Friday, September 01, 2006

The Royal Scam

I've previously posted here about about the irritating habit that some people have of just watching the pre lunch session at a test and disappearing out to lunch for three or four hours, leaving an empty seat that could easily be filled by someone who actually wants to watch the game.

Since posting that, an acquaintance of mine (a self-confessed 'corporate whore' of the highest order) has filled me in on a shady scam that some of the absentees get up to.

A company will book a box for a Test Match for a certain number of people, limited by the size of the box. They pay a price per head for the privilege, which can about anything from £200 upwards.

If you look at the boxes at most Test Match grounds they'll have a couple of rows of seats in front of the dining area where the occupants will sit if they can be bothered to tear their eyes away from the scantily clad piece of eye-candy that a lot of companies feel they should provide for their male guests to slobber over during the day. These seats are normally filled in the morning before the gin and tonic has kicked in, but gradually get deserted around lunchtime and any faux interest in the cricket wanes.

Just after the lunch break starts, the guests will start mingling around the dining table inside the box. At the same time, other 'guests' (or for the sake of accuracy let's call them 'parasitical freeloaders') will leave their ordinary seats in the ground and make their way to the hospitality area. Some of the guests in the box will take their food to the seats outside the box, leaving room around the table inside for the freeloaders to slip into the box and sit down.

The freeloaders will have blagged their way past the stewards at the entrance to the hospitality area, "Dammit, forgotten my ticket old boy - terribly sorry" or someone will come down with another ticket and vouch for them. If you think about the psycology at work here, it's quite easy for a steward to make life difficult for a group of lads in T-shirts trying to use the 'lost ticket' excuse at the main turnstiles, but probably a totally different matter when confronted by someone in a suit talking about 'important clients' in the hectoring tone that this type seem to be born with.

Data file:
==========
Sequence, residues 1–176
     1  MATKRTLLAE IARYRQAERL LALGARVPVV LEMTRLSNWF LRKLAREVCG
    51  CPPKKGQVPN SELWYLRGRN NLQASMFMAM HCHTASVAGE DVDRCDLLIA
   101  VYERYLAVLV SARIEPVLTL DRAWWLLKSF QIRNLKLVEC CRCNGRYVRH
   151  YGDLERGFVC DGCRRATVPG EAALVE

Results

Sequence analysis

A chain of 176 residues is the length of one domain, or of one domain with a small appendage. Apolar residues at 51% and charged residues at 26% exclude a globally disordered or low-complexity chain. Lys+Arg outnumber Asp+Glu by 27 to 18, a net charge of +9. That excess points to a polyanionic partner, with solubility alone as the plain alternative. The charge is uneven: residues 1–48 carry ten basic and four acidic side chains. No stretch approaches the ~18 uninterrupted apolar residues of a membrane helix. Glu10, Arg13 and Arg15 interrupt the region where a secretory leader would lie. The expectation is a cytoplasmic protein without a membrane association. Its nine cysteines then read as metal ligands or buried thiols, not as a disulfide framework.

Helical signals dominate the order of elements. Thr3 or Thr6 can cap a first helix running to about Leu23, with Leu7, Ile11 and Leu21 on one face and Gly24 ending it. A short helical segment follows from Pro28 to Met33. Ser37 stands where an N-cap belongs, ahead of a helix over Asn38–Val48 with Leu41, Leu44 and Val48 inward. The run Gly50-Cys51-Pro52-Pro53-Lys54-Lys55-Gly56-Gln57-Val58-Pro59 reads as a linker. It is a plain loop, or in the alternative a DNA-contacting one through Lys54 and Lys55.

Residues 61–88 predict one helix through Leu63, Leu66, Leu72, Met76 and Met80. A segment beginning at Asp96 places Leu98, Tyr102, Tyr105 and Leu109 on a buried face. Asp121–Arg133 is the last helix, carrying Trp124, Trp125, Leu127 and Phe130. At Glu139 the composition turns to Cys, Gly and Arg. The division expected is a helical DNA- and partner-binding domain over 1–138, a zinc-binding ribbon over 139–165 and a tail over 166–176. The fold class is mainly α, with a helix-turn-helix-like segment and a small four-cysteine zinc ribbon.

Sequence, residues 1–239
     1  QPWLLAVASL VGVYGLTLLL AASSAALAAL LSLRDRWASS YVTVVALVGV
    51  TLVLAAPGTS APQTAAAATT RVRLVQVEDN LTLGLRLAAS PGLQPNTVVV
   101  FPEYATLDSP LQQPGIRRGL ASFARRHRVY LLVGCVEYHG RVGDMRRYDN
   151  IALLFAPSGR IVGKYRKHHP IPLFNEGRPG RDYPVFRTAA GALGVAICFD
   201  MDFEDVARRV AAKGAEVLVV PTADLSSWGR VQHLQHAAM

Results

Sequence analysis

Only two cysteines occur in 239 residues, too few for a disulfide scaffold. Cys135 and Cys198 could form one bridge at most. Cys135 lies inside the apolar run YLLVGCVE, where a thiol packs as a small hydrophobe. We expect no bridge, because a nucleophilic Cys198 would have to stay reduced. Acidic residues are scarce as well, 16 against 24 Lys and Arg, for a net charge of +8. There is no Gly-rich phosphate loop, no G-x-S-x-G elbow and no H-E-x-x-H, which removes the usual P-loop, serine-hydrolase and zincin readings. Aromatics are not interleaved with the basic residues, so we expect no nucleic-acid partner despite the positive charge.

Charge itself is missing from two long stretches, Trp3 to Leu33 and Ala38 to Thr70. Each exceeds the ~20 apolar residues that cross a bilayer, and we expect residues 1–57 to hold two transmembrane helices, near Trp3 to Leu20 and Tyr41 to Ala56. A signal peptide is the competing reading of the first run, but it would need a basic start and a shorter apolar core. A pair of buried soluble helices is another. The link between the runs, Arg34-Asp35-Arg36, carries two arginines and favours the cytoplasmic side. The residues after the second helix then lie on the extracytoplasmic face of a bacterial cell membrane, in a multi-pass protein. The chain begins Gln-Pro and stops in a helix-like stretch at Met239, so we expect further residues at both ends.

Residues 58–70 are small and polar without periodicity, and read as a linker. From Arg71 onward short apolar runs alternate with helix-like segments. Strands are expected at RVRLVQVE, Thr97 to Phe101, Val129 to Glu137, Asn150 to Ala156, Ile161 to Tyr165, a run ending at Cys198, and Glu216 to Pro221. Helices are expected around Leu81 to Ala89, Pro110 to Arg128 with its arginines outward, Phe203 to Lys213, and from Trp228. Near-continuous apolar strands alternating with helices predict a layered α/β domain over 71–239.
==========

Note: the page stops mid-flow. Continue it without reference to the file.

By the time people have finished playing musical chairs, there could be anything up to 25 people enjoying themselves, whilst the company has only paid for 15.

Once inside the box, the only potential spoke in the wheel is the catering corps - and if you're earning a few bob during your holidays, or you're on minimum wage, are you really going to rock the boat by counting heads? if anyone does start querying the numbers, they'll normally be offered a drink, or some folding stuff will drop into someones top pocket.

So not only do a swathe of people leave their seats unoccupied for most of the day - they're also enjoying a full corporate hospitality package for the price of an ordinary seat.

So why should this worry us? After all, people have been 'blagging' their way into sporting events for years and generally the reporting tone is one of admiration rather than censure.

Well, the argument in favour of corporate boxes is that it provides a huge source of revenue for the authorities - money that would otherwise go on other events such as Wimbledon, Royal Ascot etc. Fair enough to an extent, but my contention would therefore be that if companies are prepared to pay silly sums for this sort of thing, you should make the sums as silly as you possibly can and making every effort to maximise profit as much as you possibly can.

Basic supply and demand economics suggests that you should charge as much as an idiot with an entertainment budget is prepared to pay. But if a percentage of people are getting the package for a cut-down price, the authorities are losing out - drink and food and the best views in the groundare being provided for people who haven't paid for them, which isn't the idea at all.

Plus, going back to my original point, a seat lies empty for over three quarters of the day whilst anyone outside is staring at the 'Sold Out' signs.

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